Coach Strong seeks to be an educator

You could hear just a bit of grumbling coming from Austin when the University of Texas hired Charlie Strong to be the head coach of the school’s football team.

He wasn’t the favorite of some high-powered, well-heeled alumni. They wanted a proven big-time winner to restore the Longhorns to gridiron glory. Strong? Good guy, but can he win?

The jury is still out on the winning part, but he’s embarking on an effort that should get the attention of universities across the nation.

He’s trying to teach the young men of his football program how to become good men.

More power to you, coach!

As the Dallas Morning News blogger Jim Mitchell noted, “I don’t know whether it is possible to teach values to a college athlete if the player didn’t arrive on campus with a pretty clear understanding of right, wrong and personal responsibility. But I’m intrigued that the University of Texas is going to try.”

Strong took over from former coach Mack Brown and began tossing players off his team for what’s cryptically called “violation of team rules.” I was wondering at the outset whether Strong had come to Austin to imbue a certain kind of ethic in the players. One of the dismissed players hails from Amarillo, so it was a bit of a disappointment to see a local athlete caught up in this min-purge.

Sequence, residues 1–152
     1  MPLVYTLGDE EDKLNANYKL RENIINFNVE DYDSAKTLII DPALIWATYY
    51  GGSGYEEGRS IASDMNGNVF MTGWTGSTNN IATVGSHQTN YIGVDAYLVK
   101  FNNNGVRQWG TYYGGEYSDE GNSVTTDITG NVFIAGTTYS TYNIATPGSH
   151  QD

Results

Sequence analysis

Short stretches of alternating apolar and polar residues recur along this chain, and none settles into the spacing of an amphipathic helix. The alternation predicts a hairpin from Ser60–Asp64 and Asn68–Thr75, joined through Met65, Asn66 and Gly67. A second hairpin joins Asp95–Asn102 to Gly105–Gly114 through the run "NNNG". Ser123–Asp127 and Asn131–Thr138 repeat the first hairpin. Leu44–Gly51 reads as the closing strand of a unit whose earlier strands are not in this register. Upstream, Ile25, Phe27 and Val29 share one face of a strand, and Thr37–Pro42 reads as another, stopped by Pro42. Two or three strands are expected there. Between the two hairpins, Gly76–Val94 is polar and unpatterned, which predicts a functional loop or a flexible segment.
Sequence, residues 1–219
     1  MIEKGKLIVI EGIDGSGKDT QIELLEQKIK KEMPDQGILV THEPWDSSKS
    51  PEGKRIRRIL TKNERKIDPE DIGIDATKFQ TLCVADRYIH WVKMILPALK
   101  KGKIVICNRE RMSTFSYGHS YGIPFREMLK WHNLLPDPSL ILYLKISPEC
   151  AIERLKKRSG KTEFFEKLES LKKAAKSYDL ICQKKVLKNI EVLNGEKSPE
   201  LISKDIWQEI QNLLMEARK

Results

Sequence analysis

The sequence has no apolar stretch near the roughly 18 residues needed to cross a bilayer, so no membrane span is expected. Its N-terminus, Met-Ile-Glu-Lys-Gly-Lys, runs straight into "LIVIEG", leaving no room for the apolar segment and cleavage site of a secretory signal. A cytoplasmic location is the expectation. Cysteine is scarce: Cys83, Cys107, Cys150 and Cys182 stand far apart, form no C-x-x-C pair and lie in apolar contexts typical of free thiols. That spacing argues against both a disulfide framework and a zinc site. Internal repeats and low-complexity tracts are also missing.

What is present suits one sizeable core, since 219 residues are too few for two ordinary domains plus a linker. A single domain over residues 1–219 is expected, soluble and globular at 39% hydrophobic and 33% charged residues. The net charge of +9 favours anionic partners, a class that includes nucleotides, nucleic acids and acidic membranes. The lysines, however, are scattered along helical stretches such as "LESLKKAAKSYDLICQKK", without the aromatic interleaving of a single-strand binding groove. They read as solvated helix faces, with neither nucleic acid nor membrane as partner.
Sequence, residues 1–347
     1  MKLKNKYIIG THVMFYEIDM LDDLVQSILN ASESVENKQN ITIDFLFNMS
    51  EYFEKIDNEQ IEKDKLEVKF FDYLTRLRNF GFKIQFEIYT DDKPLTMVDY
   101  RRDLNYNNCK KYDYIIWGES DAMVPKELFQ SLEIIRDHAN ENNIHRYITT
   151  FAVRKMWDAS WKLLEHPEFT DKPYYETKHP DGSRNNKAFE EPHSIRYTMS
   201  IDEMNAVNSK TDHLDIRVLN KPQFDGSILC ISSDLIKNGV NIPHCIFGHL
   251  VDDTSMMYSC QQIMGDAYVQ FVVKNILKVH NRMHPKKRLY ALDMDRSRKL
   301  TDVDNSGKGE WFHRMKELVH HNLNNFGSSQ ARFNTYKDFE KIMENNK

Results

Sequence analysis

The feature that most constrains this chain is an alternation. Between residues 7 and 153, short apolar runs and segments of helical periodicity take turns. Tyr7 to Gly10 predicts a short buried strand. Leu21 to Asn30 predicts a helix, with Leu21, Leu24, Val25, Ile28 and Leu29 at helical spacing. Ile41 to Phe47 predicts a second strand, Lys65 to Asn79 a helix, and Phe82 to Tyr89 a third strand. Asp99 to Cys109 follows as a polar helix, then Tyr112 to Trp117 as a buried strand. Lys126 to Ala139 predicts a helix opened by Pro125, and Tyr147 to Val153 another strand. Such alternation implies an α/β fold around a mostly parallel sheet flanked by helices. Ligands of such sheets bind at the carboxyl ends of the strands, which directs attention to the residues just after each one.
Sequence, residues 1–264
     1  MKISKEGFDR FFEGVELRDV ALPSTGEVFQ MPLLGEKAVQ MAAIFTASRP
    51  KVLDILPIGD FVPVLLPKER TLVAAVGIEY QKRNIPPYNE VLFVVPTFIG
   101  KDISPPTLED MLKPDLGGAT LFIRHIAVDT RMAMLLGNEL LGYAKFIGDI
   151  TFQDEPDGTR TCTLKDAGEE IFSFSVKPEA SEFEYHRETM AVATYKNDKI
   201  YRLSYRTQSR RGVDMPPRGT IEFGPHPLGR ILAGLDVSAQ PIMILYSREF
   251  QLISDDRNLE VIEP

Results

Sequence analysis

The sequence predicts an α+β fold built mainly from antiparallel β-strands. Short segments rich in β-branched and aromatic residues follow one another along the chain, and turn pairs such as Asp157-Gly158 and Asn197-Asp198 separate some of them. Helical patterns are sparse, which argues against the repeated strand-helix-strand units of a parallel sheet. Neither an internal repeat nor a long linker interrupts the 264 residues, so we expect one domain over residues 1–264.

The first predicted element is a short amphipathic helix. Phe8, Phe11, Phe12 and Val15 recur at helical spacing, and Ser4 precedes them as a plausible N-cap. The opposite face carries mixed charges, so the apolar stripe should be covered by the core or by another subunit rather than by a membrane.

Strong’s efforts will be comprehensive, according to Mitchell: “Now comes a groundbreaking effort called the Center for Sports Leadership and Innovation, which UT-Austin officials say will ‘leverage UT Austin’s expertise in academics and success in athletics to change the culture at a time when national headlines remain focused on high-profile athletes’ behavior and responsibilities.’”

I absolutely support the idea of reminding these young men that they have responsibilities that go far beyond their athletic exploits. Many athletes view their athletic skill as a sign of privilege. They think they have some God-given right to behave as they see fit. “Normal” rules don’t apply to them. Coach Strong says that’s not the case, that their elevated status requires them to behave properly and to exhibit the kind of life skills that will carry them through the rest of their life.

What is so wrong with that? Not a single thing.

Go for it, Coach Strong.

Leave a Reply